PARIS (AFP) - Second seed Agnieszka Radwanska lashed out at French Open officials while former finalist Simona Halep questioned the decision to play in more wet conditions after both crashed out in the last 16 on Tuesday.
Radwanska appeared to be cruising into the quarter-finals as she led world number 102 Tsvetana Pironkova 6-2, 3-0 before play was suspended on Sunday, with the tournament then suffering its first washout in 16 years on Monday.
And rain continued to fall on Tuesday when the Pole, who was hampered by a right hand injury, dropped 10 straight games either side of another weather delay before exiting to the Bulgarian.
“I’m just so surprised and angry, that, you know, we have to play in the rain,” fumed Radwanska.
“I mean, it’s not a 10,000 tournament. It’s a Grand Slam. How can you allow players to play in the rain? I cannot play in those conditions.
“I don’t know who allows us to play in those kind of conditions. I mean, I don’t think they really care what we think. I think they care about other things, I guess. So, well, I’m just pissed. I just cannot play in those conditions. I mean, I’m not healthy enough.
“We shouldn’t play in that kind of rain. Why? We still have couple of days of tournament. What’s the point?”
Former Wimbledon semi-finalist Pironkova extended her best run in Paris and will face Samantha Stosur for a place in the last four.
“It was very difficult with all the rain, we waited almost three days to finish the match. But I can’t complain, it turned out great for me,” said Pironkova.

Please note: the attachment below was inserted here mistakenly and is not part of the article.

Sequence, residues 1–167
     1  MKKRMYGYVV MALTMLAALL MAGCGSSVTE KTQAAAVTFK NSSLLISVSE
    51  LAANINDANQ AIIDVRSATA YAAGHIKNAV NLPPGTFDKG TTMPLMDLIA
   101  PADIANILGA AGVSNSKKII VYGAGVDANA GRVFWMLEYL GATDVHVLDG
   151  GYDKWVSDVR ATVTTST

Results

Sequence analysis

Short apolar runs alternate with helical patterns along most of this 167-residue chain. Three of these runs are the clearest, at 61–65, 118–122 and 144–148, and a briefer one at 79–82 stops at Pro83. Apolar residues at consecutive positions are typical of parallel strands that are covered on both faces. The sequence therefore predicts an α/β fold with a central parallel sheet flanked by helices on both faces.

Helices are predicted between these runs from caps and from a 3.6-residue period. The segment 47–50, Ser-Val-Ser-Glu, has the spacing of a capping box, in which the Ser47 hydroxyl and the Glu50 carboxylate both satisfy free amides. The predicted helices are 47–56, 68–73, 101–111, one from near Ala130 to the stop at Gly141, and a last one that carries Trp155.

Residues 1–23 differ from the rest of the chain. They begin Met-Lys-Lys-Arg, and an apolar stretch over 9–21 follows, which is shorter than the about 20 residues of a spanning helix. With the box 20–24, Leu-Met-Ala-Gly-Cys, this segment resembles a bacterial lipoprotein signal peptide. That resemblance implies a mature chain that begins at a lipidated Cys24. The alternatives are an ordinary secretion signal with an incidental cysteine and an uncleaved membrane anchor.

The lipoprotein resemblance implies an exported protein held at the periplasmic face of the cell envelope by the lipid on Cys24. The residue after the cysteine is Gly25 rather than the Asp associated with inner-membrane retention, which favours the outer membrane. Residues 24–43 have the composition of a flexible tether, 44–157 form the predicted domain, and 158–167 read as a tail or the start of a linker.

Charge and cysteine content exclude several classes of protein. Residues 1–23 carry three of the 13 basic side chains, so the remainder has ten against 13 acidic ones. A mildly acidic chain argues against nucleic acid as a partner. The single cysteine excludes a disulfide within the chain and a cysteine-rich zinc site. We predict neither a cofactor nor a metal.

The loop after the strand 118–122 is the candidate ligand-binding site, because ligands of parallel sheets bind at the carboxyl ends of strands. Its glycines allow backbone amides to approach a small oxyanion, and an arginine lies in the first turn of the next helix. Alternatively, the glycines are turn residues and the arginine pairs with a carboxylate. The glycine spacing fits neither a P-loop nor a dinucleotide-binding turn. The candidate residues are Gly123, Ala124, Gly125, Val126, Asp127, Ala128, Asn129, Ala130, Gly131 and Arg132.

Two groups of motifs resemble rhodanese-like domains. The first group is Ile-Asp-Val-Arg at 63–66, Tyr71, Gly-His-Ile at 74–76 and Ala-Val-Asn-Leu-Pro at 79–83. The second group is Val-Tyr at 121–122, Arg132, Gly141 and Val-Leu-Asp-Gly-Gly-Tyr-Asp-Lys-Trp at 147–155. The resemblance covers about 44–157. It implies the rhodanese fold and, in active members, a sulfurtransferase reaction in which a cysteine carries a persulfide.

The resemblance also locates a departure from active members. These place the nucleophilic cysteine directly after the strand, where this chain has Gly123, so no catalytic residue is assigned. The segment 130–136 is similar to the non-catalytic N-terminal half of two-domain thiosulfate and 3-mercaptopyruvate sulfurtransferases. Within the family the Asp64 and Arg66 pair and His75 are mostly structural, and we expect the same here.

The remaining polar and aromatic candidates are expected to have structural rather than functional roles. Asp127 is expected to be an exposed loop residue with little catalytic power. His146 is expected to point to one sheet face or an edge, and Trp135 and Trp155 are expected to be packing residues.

Australian Stosur trailed 2014 French Open runner-up Simona Halep 5-3 when their contest was halted on Sunday, but the 21st seed broke the Romanian as she tried to serve out the first set on Tuesday before racing through the tie-break.
Stosur, who reached the 2010 final at Roland Garros, again broke the sixth-seeded Halep to begin the second set before moving on to the last eight courtesy of a second break.
“Heavy, wet conditions like this don’t typically help me too much, but I think today I was able to use them better to my tennis than (Simona) was and I was able to put her under more pressure,” said Stosur.
“I felt like each time we went back out on court I was ready and I was focused and knew exactly what I wanted to do.”
Halep, like Radwanska, was critical of tournament organisers, but praised Stosur for handling the “impossible” conditions better.
“It was impossible to play, in my opinion. And to play tennis matches during the rain I think it’s a bit too much,” said Halep.
“But everyone was in the same situation, and who was stronger won today.
“No one cares about the players in my opinion. I don’t care that I lost the match today, but I was close to getting injured with my back, so that’s – that’s a big problem. But like I said, no one cares. We have just to go and play.
“I was frustrated about waiting three days and about playing in the rain. That was the biggest problem for me. I didn’t feel sure on court, safe on court.”
Halep also queried the wisdom of scheduling doubles matches before theirs after the tie was originally moved to Court One on Sunday.
“When I went to ask to play on Court 1 – doesn’t matter which court, just to play, because we know that it’s going to rain and it’s going to be late, but they took the decisions to put doubles and then us. Here we were.”